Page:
...busting up my brains for the words

Sunday, May 29, 2005

More thoughts regarding the senate deal

The dust is settling and there seems to be a newfound confidence among conservatives and even among the deal makers that the Democrats have revealed themselves for what they are much quicker than anyone had anticipated they would.

So was the compromise a good deal for Republicans?

The simple answer would be no. But politics are not always simple. In politics it is necessary to exhibit to the public that your party is trying to play fair and above board. In that sense, I think the compromise looks rather Rovian.
I had lunch with a long-time Republican the other day and we discussed the deal. My friend thought it was good because those Republicans who wanted to use the nuclear option were seen by the public to be hard right wing idealogues. That wasn't my take. I should note that my friend doesn't visit the blogosphere and when we discussed talk radio, the first personality who popped out of his mouth was Michael Savage (Not that he listens to Savage. I got the impression he thinks all of talk radio is overtaken with right wing hate mongers). So clearly, he & I are getting our information from different sources. And that's significant, because most American conservatives are like him. Only some 25% of the public gets their information primarily from the blogosphere, as I do.

So let's revisit the chess game. What if the Republicans had stayed firm and executed the nuclear option? There would be a msm uproar that the Republicans had executed a power grab and were attempting to over reach their proper powers. The Republicans would be on the defensive and each judicial nominee they ratified would be met with derision.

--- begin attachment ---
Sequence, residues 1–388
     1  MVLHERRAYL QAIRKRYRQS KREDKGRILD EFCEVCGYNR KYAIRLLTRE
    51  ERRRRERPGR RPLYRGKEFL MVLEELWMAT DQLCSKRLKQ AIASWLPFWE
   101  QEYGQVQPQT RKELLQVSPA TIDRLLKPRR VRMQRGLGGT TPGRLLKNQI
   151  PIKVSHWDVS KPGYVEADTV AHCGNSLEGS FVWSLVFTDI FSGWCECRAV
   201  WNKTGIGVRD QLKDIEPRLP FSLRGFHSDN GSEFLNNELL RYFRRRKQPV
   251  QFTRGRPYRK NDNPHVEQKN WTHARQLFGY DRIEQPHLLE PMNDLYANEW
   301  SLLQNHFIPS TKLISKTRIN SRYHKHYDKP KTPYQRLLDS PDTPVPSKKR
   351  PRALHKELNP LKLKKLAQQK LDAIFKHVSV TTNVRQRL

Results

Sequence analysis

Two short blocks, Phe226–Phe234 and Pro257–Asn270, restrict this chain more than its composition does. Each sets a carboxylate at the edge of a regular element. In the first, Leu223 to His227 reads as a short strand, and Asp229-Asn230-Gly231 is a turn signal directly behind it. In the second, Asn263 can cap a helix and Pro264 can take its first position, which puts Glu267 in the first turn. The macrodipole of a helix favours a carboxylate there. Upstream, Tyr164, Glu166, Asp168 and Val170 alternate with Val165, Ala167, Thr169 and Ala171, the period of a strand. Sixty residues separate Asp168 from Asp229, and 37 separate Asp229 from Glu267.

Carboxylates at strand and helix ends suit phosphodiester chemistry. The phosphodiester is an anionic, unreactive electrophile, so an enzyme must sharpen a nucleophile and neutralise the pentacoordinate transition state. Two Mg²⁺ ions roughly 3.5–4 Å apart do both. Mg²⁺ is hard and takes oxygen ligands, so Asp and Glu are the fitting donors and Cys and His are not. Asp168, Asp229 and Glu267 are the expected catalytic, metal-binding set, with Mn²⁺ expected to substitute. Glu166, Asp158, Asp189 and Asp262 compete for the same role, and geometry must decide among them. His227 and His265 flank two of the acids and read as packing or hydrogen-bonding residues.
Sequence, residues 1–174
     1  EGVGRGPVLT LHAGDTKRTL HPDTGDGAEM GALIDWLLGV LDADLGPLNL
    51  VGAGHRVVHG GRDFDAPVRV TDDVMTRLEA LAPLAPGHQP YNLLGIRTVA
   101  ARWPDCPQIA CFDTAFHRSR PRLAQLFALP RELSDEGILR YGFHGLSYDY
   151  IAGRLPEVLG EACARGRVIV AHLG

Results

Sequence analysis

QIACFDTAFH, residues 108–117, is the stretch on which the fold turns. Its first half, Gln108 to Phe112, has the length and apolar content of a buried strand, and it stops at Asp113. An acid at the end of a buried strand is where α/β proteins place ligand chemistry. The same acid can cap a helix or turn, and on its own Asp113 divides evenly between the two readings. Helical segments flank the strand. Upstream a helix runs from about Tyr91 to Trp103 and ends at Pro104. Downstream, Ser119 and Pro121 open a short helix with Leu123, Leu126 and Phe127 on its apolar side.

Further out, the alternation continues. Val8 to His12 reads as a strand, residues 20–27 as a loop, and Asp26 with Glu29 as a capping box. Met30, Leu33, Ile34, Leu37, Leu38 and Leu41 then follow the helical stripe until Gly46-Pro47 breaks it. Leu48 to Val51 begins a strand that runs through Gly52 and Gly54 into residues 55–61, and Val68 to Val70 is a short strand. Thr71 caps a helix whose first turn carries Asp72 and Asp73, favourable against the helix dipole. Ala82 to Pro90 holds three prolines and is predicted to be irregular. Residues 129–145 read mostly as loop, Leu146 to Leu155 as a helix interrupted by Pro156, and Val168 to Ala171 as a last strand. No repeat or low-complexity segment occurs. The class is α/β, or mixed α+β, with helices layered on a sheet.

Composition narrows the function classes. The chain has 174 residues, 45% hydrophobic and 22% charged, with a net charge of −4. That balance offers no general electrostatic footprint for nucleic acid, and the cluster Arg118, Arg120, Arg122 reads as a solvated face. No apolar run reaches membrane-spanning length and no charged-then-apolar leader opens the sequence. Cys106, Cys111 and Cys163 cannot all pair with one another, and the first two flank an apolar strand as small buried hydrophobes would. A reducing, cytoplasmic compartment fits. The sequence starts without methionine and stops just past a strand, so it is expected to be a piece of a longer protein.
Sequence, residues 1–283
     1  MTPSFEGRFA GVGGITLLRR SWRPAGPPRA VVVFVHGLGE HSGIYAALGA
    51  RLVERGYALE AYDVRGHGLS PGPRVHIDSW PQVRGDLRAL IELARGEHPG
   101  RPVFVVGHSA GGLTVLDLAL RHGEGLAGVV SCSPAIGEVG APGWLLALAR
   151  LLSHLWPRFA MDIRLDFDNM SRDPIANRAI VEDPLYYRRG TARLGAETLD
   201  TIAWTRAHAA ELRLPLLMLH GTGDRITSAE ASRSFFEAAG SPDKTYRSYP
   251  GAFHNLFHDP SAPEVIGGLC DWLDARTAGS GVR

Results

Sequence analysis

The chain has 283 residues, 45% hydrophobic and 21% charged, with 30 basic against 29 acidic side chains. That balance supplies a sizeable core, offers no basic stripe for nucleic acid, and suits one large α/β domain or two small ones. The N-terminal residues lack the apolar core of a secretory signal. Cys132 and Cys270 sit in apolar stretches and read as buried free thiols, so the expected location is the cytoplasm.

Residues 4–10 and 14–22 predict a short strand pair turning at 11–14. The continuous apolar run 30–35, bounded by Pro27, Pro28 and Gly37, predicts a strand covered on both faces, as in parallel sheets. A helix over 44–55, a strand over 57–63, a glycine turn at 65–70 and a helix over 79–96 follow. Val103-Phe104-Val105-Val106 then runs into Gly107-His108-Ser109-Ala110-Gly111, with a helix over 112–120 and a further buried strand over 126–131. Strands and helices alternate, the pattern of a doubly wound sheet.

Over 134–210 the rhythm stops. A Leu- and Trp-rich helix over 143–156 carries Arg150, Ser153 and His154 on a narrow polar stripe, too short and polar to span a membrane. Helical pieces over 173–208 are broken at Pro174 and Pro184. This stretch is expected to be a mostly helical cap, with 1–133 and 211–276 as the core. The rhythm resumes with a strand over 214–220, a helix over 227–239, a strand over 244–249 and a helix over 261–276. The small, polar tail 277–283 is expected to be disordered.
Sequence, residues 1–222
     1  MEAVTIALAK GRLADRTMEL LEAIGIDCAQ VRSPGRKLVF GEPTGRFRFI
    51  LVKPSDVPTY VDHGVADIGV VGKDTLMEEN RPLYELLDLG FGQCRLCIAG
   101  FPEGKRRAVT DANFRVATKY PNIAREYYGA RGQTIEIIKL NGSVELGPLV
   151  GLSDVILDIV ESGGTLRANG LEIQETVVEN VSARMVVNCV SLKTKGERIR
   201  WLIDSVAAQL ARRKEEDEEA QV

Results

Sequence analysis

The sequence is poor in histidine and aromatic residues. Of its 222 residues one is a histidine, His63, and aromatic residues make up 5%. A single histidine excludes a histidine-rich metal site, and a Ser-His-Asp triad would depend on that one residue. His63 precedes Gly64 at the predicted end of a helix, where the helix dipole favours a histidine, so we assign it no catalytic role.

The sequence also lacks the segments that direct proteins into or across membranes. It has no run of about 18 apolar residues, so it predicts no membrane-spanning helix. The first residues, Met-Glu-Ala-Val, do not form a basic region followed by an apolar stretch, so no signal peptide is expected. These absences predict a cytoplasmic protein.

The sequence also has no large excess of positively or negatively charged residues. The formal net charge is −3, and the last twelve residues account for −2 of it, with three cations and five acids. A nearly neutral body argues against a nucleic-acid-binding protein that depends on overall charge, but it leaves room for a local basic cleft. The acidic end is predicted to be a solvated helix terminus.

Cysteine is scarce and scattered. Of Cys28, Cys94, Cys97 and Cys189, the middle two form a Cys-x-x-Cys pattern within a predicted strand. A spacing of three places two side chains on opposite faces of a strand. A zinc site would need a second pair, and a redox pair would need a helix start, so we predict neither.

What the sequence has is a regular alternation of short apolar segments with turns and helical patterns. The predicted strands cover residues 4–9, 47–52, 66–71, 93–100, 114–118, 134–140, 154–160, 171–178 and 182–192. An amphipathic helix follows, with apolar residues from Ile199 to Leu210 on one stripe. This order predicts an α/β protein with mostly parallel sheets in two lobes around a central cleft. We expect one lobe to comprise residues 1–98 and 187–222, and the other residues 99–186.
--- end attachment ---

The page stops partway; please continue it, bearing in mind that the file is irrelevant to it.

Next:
Instead, we have an entirely different game. It is a game whereby the Democrats are further displayed for what they are; a minority party that is utilizing dirty tricks and false arguments to obstruct the business of the U.S. Senate and deny the president his constitutional prerogative.


  • At 6:59 AM, Blogger R-Five said…

    The strategy to avoid the showdown was one of weakness, and did damage the cause by acknowledging that the fillibuster was initially legitimate for confirmations, just unused. It damaged both parties by dealing with the pending nominations numerically - you each win this many. What happened to the unacceptably extremist charge of the Left? And the everyone should get a vote charge on the Right?

    But the silver lining for those of us who prefer Constitutional law is that the Democrats likely will overplay it. Perhaps they already have with Boulton.

    Frist may yet get his chance to end this ridiculous practice.

  • At 12:26 PM, Blogger pinkmonkeybird said…

    You & I are essentially in agreement on this issue, R-Five.
    Captain Ed and other bloggers have covered this issue far better than I could have hoped to.
    I'm glad you used the cliche' "silver lining", because that's what I'm trying to identify. Still, if all of this plays out to Republican favor, we may see hard left conspiracy theorists claiming that Rove orchestrated the whole thing.


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